To say that historians will not be short of material when it comes to writing about 2020 would be an understatement, and it is only August. In normal times, a combination of private space exploration, the annexation of Hong Kong and worldwide anti-racism protests would be considered remarkable. However, like many other events, these have taken place amid a global pandemic.
As lockdown eases and the UK’s economy begins to reopen, activity is slowly building and this should continue as time goes on. The hospitality sector had a significantly controlled restart, which has highlighted the difficulties we will face when trying to safely restart the entire economy. Social distancing remains compulsory, but many were able to celebrate on the 4th of July and ‘drink responsibly’ outside of their homes for the first time since March, which I am sure will be a day to remember from 2020.
Even though the pubs and bars have continued to be active since their reopening, there is still the ever-growing fear of a second wave in the background. There is a constant balance between on the one hand getting enough employees back to work to prevent businesses going under (which would of course result in job losses), and on the other hand, the risk of a dangerous second wave of COVID-19 that nobody wants to see.
With the lockdown seeming to be mostly coming to an end, and the government’s furlough scheme due to wind down over the next few weeks — which will bring an anticipated spike in unemployment — the UK will be facing considerable headwinds over the months to come. The future of trading relations with the EU will also have a decisive impact on the UK’s economic recovery and the strength of the pound.
Despite all this, the Chancellor announced earlier last month that he has a range of measures in place to help revive the UK’s economy. These include a VAT cut for hospitality businesses, incentives for employers to reinstate furloughed workers and create roles for young people, together with aid for the housing market.
VAT has been cut from 20 per cent to 5 per cent for hospitality businesses until January 2021, with the aim to encourage people to start spending more to make up for the drop in consumption spending during lockdown. In addition to this, there will be half-price deals this month on eating out between Mondays and Wednesdays to further encourage spending.
The ‘Kickstarter’ scheme announced by Chancellor Sunak is intended to support youth employment, and entails the government paying businesses to employ people aged 16 to 24. Meanwhile, businesses that bring furloughed workers back into employment will receive a £1,000 job retention bonus for each employee who returns to work.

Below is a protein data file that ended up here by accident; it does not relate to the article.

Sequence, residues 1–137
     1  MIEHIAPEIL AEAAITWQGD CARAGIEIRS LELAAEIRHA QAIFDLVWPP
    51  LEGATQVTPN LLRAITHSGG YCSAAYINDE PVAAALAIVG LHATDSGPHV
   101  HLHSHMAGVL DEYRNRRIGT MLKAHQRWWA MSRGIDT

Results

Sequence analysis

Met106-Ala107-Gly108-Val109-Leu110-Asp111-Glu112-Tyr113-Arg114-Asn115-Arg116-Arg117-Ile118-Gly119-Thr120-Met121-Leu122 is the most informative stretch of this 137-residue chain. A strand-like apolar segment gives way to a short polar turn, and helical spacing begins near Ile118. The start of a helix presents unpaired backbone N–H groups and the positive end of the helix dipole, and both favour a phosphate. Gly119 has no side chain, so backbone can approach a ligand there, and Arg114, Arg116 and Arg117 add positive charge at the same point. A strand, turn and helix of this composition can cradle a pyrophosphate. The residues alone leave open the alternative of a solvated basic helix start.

The housing market is also being helped, with the announcement that the stamp duty threshold for home purchases has been raised from £125,000 to £500,000 until 31 March 2021. Sunak also revealed that homeowners will receive vouchers to fund green projects such as insulation.
A wide-ranging budget is scheduled for the autumn, and is expected to lay out in greater detail how the UK plans to put its finances on a sustainable, long-term footing. The government’s priority is to re-start the economy, stimulating recovery and preserving and creating jobs. Unfortunately therefore, the understandable public concern about how the ever-increasing government debt is going to be re-paid will be placed on the back burner until then.
The coronavirus pandemic has put our health firmly in the spotlight, with the use of facemasks and hand sanitiser now a compulsory part of our daily routine. Not only has this period increased awareness about the need for protection, it has also highlighted some differences in the attitudes of the population that we may not have noticed before.
Despite the enhanced concerns surrounding health, women still fall behind men when it comes to taking out financial protection. Research carried out last year found that 6 per cent of women have income protection compared with 10 per cent of men. Similarly, 10 per cent of women have critical illness cover, whereas the figure for men is 13 per cent. Life insurance is different, however, and men and women are more evenly matched with 30 per cent of women having cover versus 31 per cent of men, but there is still a difference in that women take out much lower levels of cover. On average, the amount taken out on life insurance by women is 53 per cent lower than for men, while for critical illness insurance, it is a staggering 90 per cent lower. (LifeSearch survey of 2004 UK adults, February 2019).
Research suggests that a general lack of understanding about protection is the problem. Women believe that their views on the need for cover change as they get older. Experiencing the death or serious illness of a loved one is also a trigger to re-evaluate their own situation. We must all hope that the threat to our health that this pandemic brings will decrease in the months to come. Looking beyond that immediate risk, these findings underline a growing urgency for women to have the peace of mind and reassurance that sufficient protection can bring.